From the January 1998 issue of Startups

Basing purchasing decisions solely on price is rarely a good idea, but with fax machines it can be a particularly costly mistake. In fact, a cheap machine that sends faxes at a slower speed will cost you more over time than a faster, more expensive model. Here's why: Slower machines take longer to transmit faxes, hiking up your phone bill. Over the long run, any initial price savings will be more than eaten up by higher phone bills.

Accordingly, when looking for a fax machine, make sure it has the following two features: It can send a fax at 14,400 bps (or 14.4 KBps), and it uses MMR data compression. These two features greatly increase transmission speeds and, combined, help you minimize your monthly phone bills and therefore your overall fax costs.

Covering The Basics

After transmission speed, one of the first decisions you'll need to make concerns the method the fax machine uses to print incoming faxes. There are four choices in fax printing technology. Are they all worth considering for home office use? Let's take a look.

*Laser or LED fax machines tend to be the largest, costliest and most sophisticated models. These machines use laser-printing or related technology to print faxes. Although prices have dropped over the past few years, the cheapest 14.4 KBps MMR laser models still start at around $800. Unless you have a specific need for the highest-quality printing on your incoming faxes, you should probably stay away from these machines.

*Thermal fax machines are inexpensive but annoying. These machines print faxes on heat-sensitive, thermal paper rather than on plain paper. Though dominant in the infancy of fax technology, thermal machines play a much smaller role today. Thermal paper is waxy, hard to write on and stored on rolls, so the pages emerge as curly scrolls. Also, as people often regretfully discover, images printed on thermal paper tend to fade over time.

One advantage of thermal fax machines is their low maintenance costs. Although the paper is relatively expensive (about 3 to 4 cents per page), thermal machines have no other supply costs (unlike laser fax machines, for example, which require toner). However, very few thermal models offer efficient sending speeds, and those that do carry much higher price tags. You will probably find it worth your while to avoid thermal machines altogether unless you don't plan to send many faxes.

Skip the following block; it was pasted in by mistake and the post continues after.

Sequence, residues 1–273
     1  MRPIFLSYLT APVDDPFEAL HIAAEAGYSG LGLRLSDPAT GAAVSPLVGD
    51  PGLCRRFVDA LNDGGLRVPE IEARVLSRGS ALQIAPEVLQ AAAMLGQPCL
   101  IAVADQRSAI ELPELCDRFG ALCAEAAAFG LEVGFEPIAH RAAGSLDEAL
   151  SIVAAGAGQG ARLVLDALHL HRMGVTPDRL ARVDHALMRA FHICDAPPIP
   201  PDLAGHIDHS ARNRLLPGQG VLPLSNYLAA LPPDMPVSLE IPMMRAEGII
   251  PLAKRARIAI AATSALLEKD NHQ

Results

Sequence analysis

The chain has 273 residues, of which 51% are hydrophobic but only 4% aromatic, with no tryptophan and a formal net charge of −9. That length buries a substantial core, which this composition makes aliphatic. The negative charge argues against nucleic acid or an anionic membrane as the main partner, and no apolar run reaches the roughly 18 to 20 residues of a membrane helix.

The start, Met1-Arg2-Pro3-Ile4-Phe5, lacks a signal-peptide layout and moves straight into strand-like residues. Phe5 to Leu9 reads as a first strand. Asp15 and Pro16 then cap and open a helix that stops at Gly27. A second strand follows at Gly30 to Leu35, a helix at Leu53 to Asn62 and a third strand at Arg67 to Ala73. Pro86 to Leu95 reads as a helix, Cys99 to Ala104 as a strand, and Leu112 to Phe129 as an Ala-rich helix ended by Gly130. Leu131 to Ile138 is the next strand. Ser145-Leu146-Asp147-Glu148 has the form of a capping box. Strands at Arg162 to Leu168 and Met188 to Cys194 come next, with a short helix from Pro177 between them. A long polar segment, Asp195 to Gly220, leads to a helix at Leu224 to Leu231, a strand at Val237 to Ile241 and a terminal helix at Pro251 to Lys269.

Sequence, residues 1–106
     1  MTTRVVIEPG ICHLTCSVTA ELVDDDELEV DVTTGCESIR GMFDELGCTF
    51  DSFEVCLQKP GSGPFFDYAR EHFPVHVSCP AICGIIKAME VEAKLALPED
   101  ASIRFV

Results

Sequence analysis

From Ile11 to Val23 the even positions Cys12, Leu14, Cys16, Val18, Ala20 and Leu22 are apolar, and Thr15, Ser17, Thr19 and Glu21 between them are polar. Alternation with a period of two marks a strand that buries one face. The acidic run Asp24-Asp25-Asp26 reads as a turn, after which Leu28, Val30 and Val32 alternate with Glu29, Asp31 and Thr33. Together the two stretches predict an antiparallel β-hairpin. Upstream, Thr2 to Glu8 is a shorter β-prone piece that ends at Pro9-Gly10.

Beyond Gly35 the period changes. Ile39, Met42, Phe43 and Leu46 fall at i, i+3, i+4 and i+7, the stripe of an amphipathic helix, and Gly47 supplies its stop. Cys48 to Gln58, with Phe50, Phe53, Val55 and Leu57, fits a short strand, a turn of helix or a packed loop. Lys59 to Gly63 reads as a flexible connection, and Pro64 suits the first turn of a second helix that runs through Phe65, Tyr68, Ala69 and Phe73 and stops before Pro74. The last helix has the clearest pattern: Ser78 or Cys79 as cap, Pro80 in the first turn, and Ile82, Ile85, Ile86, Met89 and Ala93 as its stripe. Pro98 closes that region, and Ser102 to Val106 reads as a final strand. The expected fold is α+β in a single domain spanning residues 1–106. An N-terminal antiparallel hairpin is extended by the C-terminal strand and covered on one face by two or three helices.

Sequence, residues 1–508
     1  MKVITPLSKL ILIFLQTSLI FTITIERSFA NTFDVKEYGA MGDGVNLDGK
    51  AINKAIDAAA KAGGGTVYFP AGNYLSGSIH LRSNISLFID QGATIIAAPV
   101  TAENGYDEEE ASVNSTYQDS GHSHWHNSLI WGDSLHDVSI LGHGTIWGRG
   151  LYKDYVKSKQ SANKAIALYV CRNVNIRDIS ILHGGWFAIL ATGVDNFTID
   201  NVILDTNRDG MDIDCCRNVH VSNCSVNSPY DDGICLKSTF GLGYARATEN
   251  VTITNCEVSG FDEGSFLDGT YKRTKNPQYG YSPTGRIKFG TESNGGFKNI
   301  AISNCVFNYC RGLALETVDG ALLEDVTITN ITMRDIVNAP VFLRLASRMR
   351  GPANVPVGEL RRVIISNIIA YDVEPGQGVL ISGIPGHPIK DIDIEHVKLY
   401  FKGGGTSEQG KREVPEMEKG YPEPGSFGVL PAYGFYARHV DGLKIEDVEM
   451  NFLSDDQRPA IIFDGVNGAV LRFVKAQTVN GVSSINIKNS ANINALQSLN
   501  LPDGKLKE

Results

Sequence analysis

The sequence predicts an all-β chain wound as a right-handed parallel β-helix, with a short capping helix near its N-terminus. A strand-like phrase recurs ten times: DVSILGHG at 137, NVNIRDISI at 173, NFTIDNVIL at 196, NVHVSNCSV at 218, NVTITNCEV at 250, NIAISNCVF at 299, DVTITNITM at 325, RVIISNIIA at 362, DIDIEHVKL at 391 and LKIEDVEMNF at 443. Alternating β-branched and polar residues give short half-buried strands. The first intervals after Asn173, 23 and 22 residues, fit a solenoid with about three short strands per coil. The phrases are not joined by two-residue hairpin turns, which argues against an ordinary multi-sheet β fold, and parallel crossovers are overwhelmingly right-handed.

*Thermal transfer fax machines (also known as film imaging machines) are an older option, but their niche in the plain-paper-but-cheap fax market makes them a worthy contender, at least for some folks. These machines use heat-sensitive ribbons to imprint the incoming message onto plain paper, offering near-laser quality without laser-quality prices.

The downside of thermal transfer fax machines is that relatively few models are available with 14.4 KBps sending speeds. Unless you know that the majority of your faxes will go to slower machines (because the transmission always occurs at the lowest speed between the two fax machines), or your faxing volume will be pretty low, you are probably leaving some savings on the table.

*That leaves ink-jet fax machines. Taking all issues into consideration, ink-jets will likely be the best choice for your home office faxing needs. Ink-jet fax machines, which cost between $400 and $1,200, create images by spraying a fine pattern of ink dots directly on plain paper. The print quality is good but not great, and faxes have an ever-so-slightly smudgy look on all but the most costly grades of paper. But for a plain-paper fax, ink-jet machines are a terrific deal.